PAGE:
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New California Law Makes Buying Ammo A Lot Harder


By Nick Givas

California’s new restrictions on ammunition are set to take effect in January, making it harder to purchase, sell and transport firearm cartridges.

Proposition 63 was passed in 2016 and makes it illegal to sell ammunition without a license from the Department of Justice, NBC news reports. Any ammo purchased over the internet would also be required to be sold through a licensed dealer, who would then deliver it directly to the buyer.

The measure also prohibits driving ammunition across state lines, and institutes background checks for anyone looking to purchase bullets. The law requires sellers to track ammo sales electronically and submit records to the DOJ to be stored in the “Ammunition Purchase Records File.”

Ammunition is defined by the law as “one or more loaded cartridges consisting of a primed case, propellant, and with one or more projectiles,” according to NBC News. Exceptions to the law are granted for peace officers, licensed dealers and collectors.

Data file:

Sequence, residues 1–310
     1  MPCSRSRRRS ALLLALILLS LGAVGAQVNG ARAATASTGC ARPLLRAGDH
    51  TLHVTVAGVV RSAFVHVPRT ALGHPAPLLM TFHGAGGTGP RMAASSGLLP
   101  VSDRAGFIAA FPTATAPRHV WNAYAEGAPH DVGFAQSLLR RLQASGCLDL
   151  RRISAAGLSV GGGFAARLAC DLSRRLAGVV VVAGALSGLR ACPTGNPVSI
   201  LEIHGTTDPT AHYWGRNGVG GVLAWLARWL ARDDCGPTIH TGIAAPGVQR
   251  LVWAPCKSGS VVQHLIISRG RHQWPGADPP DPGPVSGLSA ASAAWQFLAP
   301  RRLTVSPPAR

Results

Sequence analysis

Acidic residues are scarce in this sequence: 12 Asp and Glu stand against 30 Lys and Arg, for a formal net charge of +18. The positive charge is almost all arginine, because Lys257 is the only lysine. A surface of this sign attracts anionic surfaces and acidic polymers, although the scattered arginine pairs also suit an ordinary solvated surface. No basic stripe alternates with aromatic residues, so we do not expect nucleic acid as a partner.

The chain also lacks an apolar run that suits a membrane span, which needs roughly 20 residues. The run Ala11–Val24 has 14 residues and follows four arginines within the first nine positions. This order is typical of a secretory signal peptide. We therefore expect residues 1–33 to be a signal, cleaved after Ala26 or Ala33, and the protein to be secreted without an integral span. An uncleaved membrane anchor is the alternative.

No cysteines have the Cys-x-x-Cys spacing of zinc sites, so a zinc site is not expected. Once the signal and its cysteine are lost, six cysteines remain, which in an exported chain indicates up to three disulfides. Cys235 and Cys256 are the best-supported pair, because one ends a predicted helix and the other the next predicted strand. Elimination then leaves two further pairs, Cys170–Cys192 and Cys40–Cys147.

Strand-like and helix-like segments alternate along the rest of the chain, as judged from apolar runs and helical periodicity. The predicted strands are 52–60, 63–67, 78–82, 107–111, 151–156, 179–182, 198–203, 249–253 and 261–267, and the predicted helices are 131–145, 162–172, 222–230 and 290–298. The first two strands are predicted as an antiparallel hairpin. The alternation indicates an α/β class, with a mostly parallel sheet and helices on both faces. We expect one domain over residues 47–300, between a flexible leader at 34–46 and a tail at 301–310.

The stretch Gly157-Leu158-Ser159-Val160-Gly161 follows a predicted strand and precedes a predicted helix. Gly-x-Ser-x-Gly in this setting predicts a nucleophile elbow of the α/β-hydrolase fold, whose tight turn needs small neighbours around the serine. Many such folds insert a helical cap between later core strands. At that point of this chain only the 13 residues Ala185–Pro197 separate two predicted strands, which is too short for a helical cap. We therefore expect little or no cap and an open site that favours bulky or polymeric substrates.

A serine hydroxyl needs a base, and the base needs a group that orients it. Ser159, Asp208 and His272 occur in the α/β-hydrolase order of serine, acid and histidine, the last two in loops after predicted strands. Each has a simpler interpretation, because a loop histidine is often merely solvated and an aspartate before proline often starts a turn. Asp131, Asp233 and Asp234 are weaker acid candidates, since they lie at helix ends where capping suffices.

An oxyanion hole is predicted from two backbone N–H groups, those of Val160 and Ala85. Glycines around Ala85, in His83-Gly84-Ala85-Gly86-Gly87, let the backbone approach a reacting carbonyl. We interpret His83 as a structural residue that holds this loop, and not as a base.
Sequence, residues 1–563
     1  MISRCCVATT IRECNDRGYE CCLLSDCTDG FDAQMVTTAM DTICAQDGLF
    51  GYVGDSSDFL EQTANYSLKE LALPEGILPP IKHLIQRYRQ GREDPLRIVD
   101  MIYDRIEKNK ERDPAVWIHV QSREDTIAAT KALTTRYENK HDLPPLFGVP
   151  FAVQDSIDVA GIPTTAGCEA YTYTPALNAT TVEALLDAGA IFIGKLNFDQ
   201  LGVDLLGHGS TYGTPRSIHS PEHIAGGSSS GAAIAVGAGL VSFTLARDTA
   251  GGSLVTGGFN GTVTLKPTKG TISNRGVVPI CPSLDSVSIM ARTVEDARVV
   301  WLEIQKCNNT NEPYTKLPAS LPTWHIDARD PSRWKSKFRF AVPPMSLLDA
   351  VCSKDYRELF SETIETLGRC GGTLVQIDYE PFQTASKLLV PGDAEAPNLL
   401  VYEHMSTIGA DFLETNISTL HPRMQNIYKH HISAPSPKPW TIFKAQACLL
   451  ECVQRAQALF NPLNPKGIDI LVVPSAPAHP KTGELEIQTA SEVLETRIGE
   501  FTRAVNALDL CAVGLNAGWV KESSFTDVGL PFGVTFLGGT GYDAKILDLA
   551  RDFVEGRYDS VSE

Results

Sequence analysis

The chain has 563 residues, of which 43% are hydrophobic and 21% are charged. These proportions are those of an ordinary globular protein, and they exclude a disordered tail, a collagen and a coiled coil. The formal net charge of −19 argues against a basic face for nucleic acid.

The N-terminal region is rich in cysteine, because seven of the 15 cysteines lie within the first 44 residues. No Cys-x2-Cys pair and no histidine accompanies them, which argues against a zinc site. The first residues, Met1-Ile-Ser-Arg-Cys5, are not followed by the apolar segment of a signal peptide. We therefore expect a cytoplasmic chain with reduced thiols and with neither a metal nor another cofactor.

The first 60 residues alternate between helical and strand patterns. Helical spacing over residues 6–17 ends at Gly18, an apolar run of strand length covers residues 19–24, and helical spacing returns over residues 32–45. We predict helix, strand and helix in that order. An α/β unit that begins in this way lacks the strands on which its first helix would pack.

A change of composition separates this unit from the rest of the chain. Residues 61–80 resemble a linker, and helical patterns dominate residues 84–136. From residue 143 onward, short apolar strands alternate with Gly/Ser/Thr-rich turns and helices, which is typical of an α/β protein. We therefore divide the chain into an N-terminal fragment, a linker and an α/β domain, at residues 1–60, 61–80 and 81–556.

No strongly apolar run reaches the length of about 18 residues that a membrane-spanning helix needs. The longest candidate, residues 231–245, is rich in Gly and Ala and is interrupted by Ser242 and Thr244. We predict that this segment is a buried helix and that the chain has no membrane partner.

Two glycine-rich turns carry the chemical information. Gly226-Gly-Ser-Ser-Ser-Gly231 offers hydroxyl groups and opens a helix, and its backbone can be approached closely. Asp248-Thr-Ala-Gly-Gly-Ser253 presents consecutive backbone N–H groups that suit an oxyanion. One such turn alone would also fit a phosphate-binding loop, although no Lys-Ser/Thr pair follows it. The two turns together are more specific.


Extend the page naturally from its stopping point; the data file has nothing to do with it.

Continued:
State gun owners must also now report any stolen firearms within five days or face a fine from the state.

The National Rifle Association sent a letter to California Attorney General Xavier Becerra and the California Department of Justice last week asking for a stay of the law, citing “serious concerns” over “procedure.”

The letter argues a delay in the law’s implementation would not be unprecedented, and claims it would be “impossible” for every California ammunition vendor to comply with the new regulations in time for the January 1st deadline.

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